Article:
You do not need to be working full time in order to be eligible for Parental Leave Pay.


    I hope this helps!

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    I claimed it for my last baby and I had worked 10 months and 3 days between baby 1 and 2. I was very open with centrelink and they said at least 10 out of the previous 13 months. Number 3 is due in November and I'll be back at work 12 months and 1 week between leaves.

  7. #7
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    Unfortunately, the Centrelink site is very light on the nitty gritty of PPL.
    Some of the above posts are factually incorrect.

    You need to read this immediately:
    http://guidesacts.fahcsia.gov.au/gui...guide-2.5.html

    You CAN be on paid leave with those days/weeks being counted as 'working' and receive PPL. If your wife's annual leave is paid, then it accrues as time worked and counts towards the PPL work test.

    For the entire year before my baby was born I did not physically work at my job site. I used up all of my long service leave and sick leave and still received PPL.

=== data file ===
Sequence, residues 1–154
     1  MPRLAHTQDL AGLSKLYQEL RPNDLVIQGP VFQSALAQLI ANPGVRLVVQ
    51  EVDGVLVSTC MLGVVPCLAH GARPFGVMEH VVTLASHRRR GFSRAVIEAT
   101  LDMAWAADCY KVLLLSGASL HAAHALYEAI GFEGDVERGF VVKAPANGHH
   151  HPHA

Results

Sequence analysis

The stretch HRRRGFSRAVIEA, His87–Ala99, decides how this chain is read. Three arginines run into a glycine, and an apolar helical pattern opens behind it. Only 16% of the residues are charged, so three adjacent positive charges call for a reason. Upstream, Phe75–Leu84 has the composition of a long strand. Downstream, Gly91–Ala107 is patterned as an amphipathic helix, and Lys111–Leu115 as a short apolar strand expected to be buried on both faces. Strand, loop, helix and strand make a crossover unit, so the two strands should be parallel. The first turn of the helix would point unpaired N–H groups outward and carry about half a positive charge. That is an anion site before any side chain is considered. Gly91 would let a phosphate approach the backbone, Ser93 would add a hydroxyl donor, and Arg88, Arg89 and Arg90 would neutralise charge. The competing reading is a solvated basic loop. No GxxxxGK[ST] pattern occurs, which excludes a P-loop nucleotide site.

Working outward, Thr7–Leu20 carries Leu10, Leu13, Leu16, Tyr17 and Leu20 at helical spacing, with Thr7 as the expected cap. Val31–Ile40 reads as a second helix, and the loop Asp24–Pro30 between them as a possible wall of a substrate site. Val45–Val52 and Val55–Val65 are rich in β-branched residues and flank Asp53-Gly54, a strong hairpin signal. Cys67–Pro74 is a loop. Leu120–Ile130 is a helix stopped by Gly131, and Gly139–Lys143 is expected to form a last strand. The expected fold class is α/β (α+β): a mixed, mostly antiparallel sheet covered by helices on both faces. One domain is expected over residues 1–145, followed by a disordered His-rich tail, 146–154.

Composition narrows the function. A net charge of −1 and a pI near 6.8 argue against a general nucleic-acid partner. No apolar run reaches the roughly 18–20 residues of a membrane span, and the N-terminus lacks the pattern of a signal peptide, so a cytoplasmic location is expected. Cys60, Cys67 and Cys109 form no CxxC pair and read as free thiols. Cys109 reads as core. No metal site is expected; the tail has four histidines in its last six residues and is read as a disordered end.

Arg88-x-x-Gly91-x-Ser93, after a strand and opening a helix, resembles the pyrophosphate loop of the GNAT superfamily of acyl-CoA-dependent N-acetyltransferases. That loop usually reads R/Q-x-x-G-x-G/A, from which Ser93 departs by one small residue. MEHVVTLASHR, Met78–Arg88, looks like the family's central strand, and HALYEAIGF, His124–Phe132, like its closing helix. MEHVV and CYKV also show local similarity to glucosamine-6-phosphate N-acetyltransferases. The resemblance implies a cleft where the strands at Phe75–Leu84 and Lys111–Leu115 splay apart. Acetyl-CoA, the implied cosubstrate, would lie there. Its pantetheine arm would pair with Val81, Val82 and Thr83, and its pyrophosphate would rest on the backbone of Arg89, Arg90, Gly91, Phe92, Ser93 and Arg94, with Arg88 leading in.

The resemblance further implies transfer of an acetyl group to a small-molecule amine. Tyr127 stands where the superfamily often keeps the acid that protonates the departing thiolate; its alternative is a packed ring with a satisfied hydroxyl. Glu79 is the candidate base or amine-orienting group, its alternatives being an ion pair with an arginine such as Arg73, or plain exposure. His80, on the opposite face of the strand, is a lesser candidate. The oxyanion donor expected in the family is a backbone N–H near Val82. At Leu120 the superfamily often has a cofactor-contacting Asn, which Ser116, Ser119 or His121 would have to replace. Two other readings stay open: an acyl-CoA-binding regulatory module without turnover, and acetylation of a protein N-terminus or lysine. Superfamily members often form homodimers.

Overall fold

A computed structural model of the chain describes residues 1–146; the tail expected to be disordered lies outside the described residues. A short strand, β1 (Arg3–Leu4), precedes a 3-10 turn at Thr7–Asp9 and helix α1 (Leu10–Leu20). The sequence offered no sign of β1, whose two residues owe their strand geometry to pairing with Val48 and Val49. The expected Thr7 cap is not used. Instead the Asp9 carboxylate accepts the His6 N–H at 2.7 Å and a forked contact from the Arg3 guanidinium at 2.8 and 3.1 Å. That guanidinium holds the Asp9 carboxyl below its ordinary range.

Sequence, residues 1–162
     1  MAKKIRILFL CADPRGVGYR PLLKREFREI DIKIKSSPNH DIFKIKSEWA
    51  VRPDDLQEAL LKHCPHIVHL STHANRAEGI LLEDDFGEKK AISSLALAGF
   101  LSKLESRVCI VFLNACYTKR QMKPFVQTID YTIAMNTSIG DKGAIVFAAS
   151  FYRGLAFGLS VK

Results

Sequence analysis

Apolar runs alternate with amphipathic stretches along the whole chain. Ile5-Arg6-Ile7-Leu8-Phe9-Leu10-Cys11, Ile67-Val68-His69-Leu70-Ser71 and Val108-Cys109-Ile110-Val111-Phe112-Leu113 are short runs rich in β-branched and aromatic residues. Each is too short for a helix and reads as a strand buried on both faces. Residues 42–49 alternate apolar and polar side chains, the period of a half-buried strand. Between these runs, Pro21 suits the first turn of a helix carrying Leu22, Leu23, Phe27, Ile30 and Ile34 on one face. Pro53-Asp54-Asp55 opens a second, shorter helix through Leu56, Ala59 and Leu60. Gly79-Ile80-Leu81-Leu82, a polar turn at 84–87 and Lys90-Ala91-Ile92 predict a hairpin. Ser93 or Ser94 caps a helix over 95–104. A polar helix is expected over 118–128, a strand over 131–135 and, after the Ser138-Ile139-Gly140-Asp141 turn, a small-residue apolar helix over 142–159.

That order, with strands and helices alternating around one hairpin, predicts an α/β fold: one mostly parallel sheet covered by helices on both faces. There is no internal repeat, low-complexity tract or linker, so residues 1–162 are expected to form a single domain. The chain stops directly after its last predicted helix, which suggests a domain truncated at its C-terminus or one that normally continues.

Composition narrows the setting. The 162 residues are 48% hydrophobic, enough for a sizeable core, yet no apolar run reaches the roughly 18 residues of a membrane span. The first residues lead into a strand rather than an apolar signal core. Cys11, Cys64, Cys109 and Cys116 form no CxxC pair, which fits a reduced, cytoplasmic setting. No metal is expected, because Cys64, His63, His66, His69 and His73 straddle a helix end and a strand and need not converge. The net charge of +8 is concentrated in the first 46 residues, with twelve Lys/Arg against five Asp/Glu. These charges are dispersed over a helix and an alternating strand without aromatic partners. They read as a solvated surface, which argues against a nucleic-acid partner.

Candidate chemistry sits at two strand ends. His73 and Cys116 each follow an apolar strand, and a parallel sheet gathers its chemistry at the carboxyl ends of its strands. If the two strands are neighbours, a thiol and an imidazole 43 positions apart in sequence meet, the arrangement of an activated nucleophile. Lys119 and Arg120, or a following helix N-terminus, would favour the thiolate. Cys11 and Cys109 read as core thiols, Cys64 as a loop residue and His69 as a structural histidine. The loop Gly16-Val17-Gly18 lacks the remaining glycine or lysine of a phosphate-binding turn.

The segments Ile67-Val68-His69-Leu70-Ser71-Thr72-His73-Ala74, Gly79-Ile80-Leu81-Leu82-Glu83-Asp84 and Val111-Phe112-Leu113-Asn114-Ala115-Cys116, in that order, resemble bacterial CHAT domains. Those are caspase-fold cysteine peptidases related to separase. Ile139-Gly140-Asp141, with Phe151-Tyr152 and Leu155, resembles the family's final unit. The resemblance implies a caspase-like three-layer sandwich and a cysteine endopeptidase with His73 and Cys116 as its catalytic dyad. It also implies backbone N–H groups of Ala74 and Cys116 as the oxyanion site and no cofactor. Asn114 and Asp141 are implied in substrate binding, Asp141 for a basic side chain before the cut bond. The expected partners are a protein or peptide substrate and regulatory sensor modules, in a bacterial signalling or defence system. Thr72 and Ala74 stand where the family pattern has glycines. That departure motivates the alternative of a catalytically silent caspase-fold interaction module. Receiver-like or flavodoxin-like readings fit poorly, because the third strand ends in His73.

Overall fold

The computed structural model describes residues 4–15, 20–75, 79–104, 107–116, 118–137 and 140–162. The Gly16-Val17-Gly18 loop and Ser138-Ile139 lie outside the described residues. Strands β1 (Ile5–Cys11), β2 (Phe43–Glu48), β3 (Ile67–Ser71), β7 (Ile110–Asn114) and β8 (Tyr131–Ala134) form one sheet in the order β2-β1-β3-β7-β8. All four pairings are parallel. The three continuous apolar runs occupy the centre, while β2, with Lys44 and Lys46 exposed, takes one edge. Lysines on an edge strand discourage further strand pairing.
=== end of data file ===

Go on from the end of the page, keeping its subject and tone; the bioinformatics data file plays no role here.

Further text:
Activities considered as 'work'

    Qualifying work includes paid work or paid leave.

    While the concept of 'paid leave' is self-explanatory, the PPL rules provide that a person is taken to be on paid leave where the person is on unpaid leave from their employer but is being paid the equivalent of wages by another source such as workers or accident compensation or similar payments in respect of that employment. Where an employee is on paid leave from their employment or is absent from work and receiving worker's compensation, the employee's normal hours of work count as qualifying work for parental leave pay purposes.

    I hope this helps.
    Last edited by BH-tech; 06-01-2015 at 10:01.

  8. #8
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    Quote Originally Posted by kalgirl View Post
    You CAN be on paid leave with those days/weeks being counted as 'working' and receive PPL. If your wife's annual leave is paid, then it accrues as time worked and counts towards the PPL work test.
    .
    Was just coming in to say this too. As long as your wife's annual leave is paid & entitled (so not taking unpaid leave) then it counts as 'employed'.

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    Quote Originally Posted by Pesca77 View Post
    Was just coming in to say this too. As long as your wife's annual leave is paid & entitled (so not taking unpaid leave) then it counts as 'employed'.
    Hmm...this is interesting. Maybe why they don't clearly write this, so people like me think they're not eligible and don't apply for it.
    I may have to go back over my leave forms for dates!

  10. #10
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    Oh fantastic. I will be on annual leave (at half pay) for the three months before I return to work next year, and I hope to be (just) pregnant when I return, so I may still be eligible for PPL.